Is older meat a cut above the rest? Well, it does offer more flavour than younger animals, according to Dan Austin, managing director of Lake District Farmers.
Demand is growing for older meat too as consumers and restaurants discover the difference. London’s Kitty Fisher’s has a rib eye of old Galician beef, with crispy potatoes, rainbow chard and smoked béarnaise on the menu. Over in the United States, Bazaar Meat by Jose Andres sources its cuts from Californian producer Mindful Meats.
Back in the UK, Chiltern Firehouse, Levanter in Manchester and Bellita in Bristol have also sold middle-aged steaks, from animals as seasoned as 17 – cows that would generally be deemed geriatric considering cattle is usually intensively farmed, fattened quickly and slaughtered as young as 18 months old.
But it’s not just the taste that is driving the appetite for older beef – the trend for sustainability is also enlarging its appeal.
What’s the beef?
In the US, Mindful Meats prides itself on sourcing dual-purpose animals. Its cows are raised as organic pasture dairy cows and at the end are turned into organic beef. And the figures reveal the benefits of this practice.
One dairy cow provides an average of over 80,000 pounds of food during her lifetime, including milk, cream, butter, cheese, ice cream and beef, as opposed to its counterpart, the beef beast that provides only about 600 pounds of beef. At Mindful Meats, a dairy cow lives an average of six years, while in the US a beef animal is generally allowed to live until two.
Here in the UK, dairy cows get an even longer life. The Lake District Farmers hand-pick their cows once they reach retirement age. There is then a 10-month process where they are put out to pasture (so to speak), given the time to relax and put on a finishing feed, says Austin.
This style of farming contributes to the popularity of the meat, he adds.
“Our [dairy cows] are typically between eight and 12 years old, and once they can’t produce a calf, obviously they can’t produce milk, and obviously they can’t produce anything for the farm,” he says.
“So now you can put them on a special rearing process and get a decent value at the end. It’s making dairy farming more sustainable and it produces something that is very important to this country.”
But setting sustainability aside, steak stalwarts are also being won over by the taste. Austin says five years ago, they weren’t selling any older beef, but now they can’t meet demand. Currently, they sell around 250 cows a year.
“The big thing is it delivers on the plate. We can talk about a million different things when it comes to food – we can talk about sustainability, cost, provenance, animal welfare – but it’s gaining in popularity as the meat naturally has a bigger flavour,” he says.
“The taste is hard to describe. It’s really different to native breed beef. The description I always use is it’s milky and creamy, it’s rich; there is more bite to it and it’s not as tender as younger meat, but it makes up for it with the flavour.”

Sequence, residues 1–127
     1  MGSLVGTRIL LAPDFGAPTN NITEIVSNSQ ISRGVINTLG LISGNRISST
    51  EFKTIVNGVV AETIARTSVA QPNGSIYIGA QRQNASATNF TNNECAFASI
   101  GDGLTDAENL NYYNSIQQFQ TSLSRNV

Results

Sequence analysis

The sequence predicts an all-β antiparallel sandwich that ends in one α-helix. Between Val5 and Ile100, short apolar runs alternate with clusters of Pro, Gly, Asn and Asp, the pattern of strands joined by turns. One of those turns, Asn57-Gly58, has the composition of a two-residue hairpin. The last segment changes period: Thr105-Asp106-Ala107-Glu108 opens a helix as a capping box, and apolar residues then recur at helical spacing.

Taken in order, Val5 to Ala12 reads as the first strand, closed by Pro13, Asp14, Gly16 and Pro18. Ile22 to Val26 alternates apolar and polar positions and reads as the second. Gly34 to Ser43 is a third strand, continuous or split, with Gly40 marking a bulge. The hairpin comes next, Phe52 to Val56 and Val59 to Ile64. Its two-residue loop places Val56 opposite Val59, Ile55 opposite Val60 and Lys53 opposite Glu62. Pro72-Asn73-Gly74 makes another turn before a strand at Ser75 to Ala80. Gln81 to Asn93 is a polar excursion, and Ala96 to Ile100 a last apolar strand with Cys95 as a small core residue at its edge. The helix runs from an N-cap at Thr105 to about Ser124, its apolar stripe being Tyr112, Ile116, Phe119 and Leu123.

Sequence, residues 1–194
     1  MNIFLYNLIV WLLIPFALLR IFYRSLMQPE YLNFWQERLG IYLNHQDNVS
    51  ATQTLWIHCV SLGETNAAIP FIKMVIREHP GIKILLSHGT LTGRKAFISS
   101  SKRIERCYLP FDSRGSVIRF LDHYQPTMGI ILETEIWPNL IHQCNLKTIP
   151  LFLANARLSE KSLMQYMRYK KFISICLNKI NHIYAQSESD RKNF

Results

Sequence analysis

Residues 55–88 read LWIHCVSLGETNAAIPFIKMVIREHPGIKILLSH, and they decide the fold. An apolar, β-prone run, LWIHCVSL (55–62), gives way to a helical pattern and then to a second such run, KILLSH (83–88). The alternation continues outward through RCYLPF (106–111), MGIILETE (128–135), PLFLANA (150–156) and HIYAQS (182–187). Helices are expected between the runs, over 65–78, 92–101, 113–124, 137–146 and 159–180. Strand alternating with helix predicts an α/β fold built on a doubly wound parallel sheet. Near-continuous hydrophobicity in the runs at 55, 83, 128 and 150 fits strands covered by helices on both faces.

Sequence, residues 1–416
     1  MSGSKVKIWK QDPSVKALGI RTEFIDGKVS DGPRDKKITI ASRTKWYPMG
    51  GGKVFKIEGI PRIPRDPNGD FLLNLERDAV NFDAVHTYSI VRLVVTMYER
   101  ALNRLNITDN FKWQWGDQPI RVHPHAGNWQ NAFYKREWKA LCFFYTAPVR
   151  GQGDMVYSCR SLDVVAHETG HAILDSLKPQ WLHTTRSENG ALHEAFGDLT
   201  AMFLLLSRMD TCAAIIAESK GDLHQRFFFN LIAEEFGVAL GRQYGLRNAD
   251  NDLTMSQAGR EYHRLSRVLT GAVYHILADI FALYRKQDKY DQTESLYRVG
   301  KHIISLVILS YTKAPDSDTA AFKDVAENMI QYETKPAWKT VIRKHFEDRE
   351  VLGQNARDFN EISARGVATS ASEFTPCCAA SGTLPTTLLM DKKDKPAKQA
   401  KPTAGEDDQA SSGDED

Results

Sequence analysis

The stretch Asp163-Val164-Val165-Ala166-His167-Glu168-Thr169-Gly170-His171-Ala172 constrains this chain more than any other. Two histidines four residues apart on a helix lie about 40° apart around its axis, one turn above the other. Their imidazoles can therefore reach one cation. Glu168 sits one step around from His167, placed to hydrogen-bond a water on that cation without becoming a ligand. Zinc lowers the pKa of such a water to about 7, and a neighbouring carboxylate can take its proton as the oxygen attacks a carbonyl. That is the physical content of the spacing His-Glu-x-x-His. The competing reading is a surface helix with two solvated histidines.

Ben White, business manager at Coombe Farm Organic in Somerset, sells retired dairy beef direct to the public and agrees that the flavour is stronger and more apparent, as the meat has had longer to mature.
At Coombe Farm, the dairy cows are retired between five and 10 years old, left to graze on organic pasture for a year and then hung up for 20 to 28 days after slaughter. White says feeding the animal on a grass-based diet throughout its life gives it a really fine layer of fat running through it, which when cooked renders down and tastes sensational.
Older meat is also far darker in colour then the pinky-red of the younger ones, while its flavour is deeper, stronger and the taste lingers like a good wine, according to Nemanja Borjanovic, the owner of London restaurants Lurra and Donostia.
Do breeds play a part in older meat? At Mindful Meats, the most common are Holsteins and Jerseys. Holsteins are known for their copious production of milk, while Jerseys are recognised for their butterfat.
There are also a number of farmers raising heritage breeds such as Montbeliarde, Danish Red, Brown Swiss and Ayrshire.
But as this kind of beef is only burgeoning in Britain, Austin says there are no specific breed requests yet. “No doubt that will come later on along, once it’s established, and people will start to try the different breeds that are on the market and they will choose which is the favourite,” he remarks.
So does Sparkie have beef with older meat?
There is interest in older animals and it makes complete sense. I expect with an increased focus on sustainability that ‘ex-dairy beef’ or ‘ex-layer hens’ will become the next ‘wonky veg’ label.
It is all about using the whole food chain and limiting waste where you can. That meat is perfectly good too, so why not?